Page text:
E.O. Wilson Spearheads a Global Call to Action
In 2016, Edward O. Wilson, the “Father of Biodiversity,” wrote a book called Half-Earth: Our Planet’s Fight for Life. In the third part of a trilogy, after The Social Conquest of Earth and The Meaning of Human Existence, Wilson refutes our impending sixth extinction and argues the case that there is still time to turn things around, but only by making half the Earth and half the ocean(s) a conservation zone. Having read much of the book, the only question I had was, “How?”
Supergroup at Esri
In July this year at the Esri User Conference, this all became clear as the “Father of Modern GIS,” Jack Dangermond, Jane Goodall (the world’s foremost expert on chimpanzees and UN Messenger for Peace), and E.O. Wilson all sat on stage together. Around them was a feeling of hope and a realization that, by coming together, we can turn the tide and save this beautiful blue marble. (Here is a video of the talk.)
E.O. Wilson said, “I realize that I’m beginning to sound more like a marine recruiter than a biologist. But you know, we are entering an era when a radically new view of nature, of the natural world, is not only inevitable by the advances in science and the concern people have about their personal environment, but also by the amazing things awaiting discovery.
“As we begin to work through these millions of species that remain unexplored—and I would like to see a society in which to do this kind of exploration, to find out something about every one of these species, large and small, that allows them to maintain their existence, that has allowed it for millions of years, enough so that they can live for millions of years into the future—and in so doing, gain a mastery of our own environment.
“After all, we live in a living environment. We don’t live on the moon. We’re not ready to go to Mars. We live on what may be, and I think almost certainly is, the only life-bearing planet in the solar system.”
Esri has played a big role supporting the Half-Earth Project, and part of this has been helping the E.O. Wilson Biodiversity Foundation with global species distribution at an unprecedented level of detail, having built a visual mapping tool that decision makers can use to help safeguard the build of biodiversity.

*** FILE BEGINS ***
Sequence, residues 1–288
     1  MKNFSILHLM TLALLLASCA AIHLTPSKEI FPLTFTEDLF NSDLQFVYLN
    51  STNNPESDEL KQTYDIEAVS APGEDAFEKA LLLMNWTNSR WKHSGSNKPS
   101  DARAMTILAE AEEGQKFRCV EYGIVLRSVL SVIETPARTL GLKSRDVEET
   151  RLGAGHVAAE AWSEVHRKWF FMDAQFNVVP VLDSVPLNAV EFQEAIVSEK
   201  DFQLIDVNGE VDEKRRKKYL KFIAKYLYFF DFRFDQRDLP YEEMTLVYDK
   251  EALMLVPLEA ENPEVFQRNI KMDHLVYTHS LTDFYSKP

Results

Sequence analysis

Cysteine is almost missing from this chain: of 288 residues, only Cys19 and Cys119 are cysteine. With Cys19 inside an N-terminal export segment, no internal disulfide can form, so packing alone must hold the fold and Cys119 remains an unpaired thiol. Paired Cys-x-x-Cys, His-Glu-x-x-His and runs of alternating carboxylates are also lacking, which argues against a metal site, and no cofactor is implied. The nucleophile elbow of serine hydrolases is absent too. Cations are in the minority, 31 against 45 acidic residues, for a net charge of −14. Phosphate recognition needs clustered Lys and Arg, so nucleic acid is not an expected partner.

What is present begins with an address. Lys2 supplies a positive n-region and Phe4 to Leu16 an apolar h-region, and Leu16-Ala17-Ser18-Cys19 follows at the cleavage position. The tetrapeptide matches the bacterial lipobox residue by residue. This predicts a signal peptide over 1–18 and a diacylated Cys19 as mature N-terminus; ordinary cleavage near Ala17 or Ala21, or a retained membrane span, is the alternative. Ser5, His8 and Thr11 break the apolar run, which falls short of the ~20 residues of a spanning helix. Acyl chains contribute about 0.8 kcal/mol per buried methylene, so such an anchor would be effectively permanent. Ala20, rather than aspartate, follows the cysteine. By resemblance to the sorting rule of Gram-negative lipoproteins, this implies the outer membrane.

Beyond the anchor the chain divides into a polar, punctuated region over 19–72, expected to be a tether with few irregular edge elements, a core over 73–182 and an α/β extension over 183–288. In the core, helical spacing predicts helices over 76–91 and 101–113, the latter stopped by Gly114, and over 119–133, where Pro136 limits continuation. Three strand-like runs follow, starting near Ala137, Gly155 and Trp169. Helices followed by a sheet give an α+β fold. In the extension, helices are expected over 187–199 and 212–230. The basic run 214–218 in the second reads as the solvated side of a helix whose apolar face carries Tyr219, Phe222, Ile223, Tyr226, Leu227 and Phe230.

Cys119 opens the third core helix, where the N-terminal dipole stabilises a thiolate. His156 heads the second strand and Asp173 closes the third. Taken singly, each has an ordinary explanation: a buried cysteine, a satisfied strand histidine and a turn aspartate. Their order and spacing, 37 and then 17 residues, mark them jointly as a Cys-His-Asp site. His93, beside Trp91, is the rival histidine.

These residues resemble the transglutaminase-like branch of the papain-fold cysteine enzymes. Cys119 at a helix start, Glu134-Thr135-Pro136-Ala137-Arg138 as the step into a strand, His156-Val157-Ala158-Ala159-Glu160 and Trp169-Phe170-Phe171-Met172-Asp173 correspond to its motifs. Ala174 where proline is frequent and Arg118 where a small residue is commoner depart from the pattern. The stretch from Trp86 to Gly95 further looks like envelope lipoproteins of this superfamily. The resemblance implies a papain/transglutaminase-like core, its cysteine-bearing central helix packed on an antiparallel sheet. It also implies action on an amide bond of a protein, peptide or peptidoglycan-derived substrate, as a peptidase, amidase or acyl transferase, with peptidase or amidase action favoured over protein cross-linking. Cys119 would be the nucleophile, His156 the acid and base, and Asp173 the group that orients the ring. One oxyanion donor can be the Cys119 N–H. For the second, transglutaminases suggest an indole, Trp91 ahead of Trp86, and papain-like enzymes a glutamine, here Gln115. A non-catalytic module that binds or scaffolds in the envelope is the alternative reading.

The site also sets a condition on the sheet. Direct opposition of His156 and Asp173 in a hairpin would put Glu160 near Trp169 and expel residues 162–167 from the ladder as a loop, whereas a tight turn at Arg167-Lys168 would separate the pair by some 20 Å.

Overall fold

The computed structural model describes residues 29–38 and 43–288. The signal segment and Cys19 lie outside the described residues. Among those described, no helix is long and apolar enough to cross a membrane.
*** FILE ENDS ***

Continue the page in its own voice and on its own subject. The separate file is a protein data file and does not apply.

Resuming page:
Dangermond said, “In order to realize a vision on the scale of Half-Earth, we need to mobilize virtually everybody on the planet.”
Ecological Zone Basemaps
If you have been following Esri on social media, you’ve seen that John Nelson, acclaimed Esri cartographer and super nice guy, has built vibrant basemaps to readily identify different ecological zones. This gorgeous, interactive map allows users to explore species populations, human pressures on those species, and current conservation protections around the globe.
I got the chance to talk with Nelson to see what his inspiration was and how it was relevant to the project.
“The Vizzuality team wanted to build for the Half-Earth project two globes, each with its own, though interwoven, purpose. This meant there was an opportunity to collaborate with the amazing Vizzuality design team for two very different basemaps. Jackpot for a cartographer.
“The first globe was meant to present the world as a beautiful, saturated, amplified planet that would invoke a feeling of charm and protection. For this, a Vibrant basemap was created. The second globe was meant to provide a deeper, data-driven picture of the scope of the issue the Half-Earth Project is tackling. This was an excellent opportunity to create a customized Firefly basemap.
“The Firefly basemap was a straightforward process of creating a dark and color-drained platform to best show data atop. It was an opportunity to take the aesthetic of Firefly and feather in some hillshading and coastal effects.
“The Vibrant basemap was a real adventure, the sort of adventure that map nerds relish. We started with Esri’s Ecological Land Unit map and boosted the saturation to meet the bold Half-Earth brand palette and draped multidirectional hillshading over this. We then wove in high-resolution satellite imagery a bit more with each zoom level closer to the surface, so that the view transitions from an amplified abstraction of Earth at a global view to a fully literal picture of landscapes at a close scale.
“Collaborating and iterating with the team was a lot of fun, and I’m really happy with how the basemaps turned out.”
If you want to read more on Half-Earth Day, there is a huge amount of resources on the Half Earth website where you can view the gorgeous maps designed by Nelson or just see what all the fuss is about.
So, you’ve got the resources, you have the information, and you are probably feeling that sense of impending doom What can you do?
As Jane Goodall frequently says, “Every individual has a role to play. Every individual makes a difference.”
We desperately need to conserve half the Earth and seas and stand up and spread the word of this global call to action from E.O. Wilson. If you can’t physically help, you can always pledge: https://www.half-earthproject.org/pledge/.